Louisiana Guardsmen respond to call for help in St. Landry

City asks for assistance to raise levee

By Sgt. Rebekah Malone

Louisiana National Guard Public Affairs Office

KROTZ SPRINGS, La. – Louisiana National Guardsmen from the 139th Regional Support Group and the 225th Engineer Brigade helped raise a levee to protect 240 homes from potential flooding in Krotz Springs, May 12.

The protection will be necessary to ease the pressure further down the Mississippi River, said Louisiana Governor Bobby Jindal.

The LANG is building part of a two-mile long levee which raises a barrier one to nine feet adding protection for the St. Landry Parish homes, an electrical substation and a refinery in the Atchafalaya Basin.

Moving quickly after receiving the mission, the LANG, in support of local and state agencies, including the Department of Transportation and Development, responded and began arriving on site Wednesday.

Jindal and Maj. Gen. Bennett C. Landreneau, the adjutant general of the LANG, toured the site Thursday afternoon to see the construction progress. A long, raised bed of recycled asphalt was in the process of being laid before sand-filled HESCO baskets were placed on top.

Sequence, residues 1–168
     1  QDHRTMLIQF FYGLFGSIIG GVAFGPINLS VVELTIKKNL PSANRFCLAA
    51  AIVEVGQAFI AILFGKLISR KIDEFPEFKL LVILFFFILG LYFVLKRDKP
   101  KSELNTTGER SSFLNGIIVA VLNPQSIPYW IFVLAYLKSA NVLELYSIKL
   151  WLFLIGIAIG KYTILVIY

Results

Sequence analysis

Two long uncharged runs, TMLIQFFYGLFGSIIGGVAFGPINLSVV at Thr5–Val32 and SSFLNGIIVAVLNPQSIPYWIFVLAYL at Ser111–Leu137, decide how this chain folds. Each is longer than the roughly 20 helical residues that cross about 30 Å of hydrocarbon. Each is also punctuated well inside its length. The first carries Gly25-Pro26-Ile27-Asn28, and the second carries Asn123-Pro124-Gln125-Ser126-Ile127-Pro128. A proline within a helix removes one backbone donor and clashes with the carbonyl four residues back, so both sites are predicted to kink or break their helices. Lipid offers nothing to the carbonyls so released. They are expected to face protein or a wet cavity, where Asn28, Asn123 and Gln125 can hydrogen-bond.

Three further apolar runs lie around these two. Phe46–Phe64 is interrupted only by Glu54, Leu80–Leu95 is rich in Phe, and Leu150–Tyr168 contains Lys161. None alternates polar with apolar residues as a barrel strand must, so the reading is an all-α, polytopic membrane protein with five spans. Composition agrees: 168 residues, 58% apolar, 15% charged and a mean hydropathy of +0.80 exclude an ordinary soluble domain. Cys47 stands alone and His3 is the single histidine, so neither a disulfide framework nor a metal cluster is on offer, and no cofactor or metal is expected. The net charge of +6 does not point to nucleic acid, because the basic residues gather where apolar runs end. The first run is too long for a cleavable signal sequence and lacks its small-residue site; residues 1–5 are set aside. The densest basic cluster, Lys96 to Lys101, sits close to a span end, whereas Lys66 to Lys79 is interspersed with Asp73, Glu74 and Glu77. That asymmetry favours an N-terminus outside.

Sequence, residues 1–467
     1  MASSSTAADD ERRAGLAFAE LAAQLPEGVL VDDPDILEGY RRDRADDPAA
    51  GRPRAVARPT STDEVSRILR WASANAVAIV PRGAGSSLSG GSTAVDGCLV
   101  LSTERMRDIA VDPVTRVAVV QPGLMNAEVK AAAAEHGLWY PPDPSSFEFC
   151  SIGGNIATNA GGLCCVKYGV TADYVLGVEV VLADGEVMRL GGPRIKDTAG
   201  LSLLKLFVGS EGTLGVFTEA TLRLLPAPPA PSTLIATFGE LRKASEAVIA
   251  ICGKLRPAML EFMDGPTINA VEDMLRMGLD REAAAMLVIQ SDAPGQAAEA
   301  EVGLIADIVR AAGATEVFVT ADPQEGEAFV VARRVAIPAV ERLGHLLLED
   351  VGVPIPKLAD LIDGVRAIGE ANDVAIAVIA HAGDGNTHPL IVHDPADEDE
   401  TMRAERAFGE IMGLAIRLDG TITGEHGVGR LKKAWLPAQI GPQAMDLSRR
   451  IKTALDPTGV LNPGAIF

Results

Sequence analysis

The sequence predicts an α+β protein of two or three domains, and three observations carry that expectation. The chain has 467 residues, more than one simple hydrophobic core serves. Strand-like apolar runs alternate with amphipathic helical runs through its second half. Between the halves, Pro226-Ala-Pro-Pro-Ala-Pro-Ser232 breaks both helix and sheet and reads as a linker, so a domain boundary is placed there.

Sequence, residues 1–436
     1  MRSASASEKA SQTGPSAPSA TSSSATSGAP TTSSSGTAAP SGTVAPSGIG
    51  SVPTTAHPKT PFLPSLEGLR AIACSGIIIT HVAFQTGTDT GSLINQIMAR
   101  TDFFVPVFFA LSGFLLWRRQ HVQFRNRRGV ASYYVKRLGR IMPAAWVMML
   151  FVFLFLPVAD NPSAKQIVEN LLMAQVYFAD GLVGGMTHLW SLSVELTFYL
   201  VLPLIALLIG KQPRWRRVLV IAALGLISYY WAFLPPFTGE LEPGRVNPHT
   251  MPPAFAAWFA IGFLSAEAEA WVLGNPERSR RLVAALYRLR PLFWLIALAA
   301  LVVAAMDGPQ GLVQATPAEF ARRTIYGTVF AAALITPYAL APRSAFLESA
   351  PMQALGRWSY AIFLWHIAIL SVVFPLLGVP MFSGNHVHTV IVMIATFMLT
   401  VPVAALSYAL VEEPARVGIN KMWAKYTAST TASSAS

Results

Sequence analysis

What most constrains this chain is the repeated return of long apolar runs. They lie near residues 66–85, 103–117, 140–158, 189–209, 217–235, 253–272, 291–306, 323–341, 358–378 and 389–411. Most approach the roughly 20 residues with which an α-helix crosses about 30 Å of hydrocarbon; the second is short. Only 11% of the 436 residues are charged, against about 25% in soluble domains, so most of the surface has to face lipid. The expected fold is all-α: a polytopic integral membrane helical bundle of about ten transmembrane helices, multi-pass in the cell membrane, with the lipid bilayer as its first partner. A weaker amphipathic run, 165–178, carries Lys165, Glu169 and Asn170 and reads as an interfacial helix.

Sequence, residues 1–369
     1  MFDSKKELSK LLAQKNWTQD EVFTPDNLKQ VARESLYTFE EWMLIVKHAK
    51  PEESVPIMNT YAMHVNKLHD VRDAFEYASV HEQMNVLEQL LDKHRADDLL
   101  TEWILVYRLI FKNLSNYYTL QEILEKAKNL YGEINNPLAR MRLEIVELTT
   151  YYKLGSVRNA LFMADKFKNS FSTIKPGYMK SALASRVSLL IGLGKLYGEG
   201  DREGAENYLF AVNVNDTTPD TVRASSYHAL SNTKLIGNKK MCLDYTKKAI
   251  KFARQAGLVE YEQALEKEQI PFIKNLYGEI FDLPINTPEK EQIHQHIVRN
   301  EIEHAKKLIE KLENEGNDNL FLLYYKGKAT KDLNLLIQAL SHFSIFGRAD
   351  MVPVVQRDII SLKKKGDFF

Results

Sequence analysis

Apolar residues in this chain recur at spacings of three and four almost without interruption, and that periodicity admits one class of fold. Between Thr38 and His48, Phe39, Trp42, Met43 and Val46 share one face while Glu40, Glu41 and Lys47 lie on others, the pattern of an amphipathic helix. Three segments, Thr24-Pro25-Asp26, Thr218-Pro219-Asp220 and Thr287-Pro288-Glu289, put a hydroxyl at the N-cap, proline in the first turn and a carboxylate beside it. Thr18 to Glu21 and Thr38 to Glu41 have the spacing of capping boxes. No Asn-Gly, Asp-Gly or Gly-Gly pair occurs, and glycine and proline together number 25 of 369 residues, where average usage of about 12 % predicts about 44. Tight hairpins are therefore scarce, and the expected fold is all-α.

“The Guards doing everything they can,” said Jindal to residents of Krotz Springs. “Its a race against time to protect our peoples lives first — and property second.”

Cooperation across agencies has allowed the work to take place at a rapid pace.

“I cant say enough about the local partnership,” said Jindal. “This is something that the mayor and parish officials said … if the Guard and state didnt help them, then they couldnt get this done.”

Sgt. William Rickels, project noncommissioned officer in charge for the LANG engineers, has responded to numerous state missions during his 11 years of service including Hurricanes Katrina, Rita, Gustav, Ike and the 2008 mission near Morganza to fortify the ‘Potato Levee.

“We are here to support the state as a whole,” said Rickels, a resident of Baton Rouge and Louisiana State University graduate. “[Serving] gives back to the community. You feel a sense of accomplishment when you sandbag around houses or clear roads so people can get to their things.


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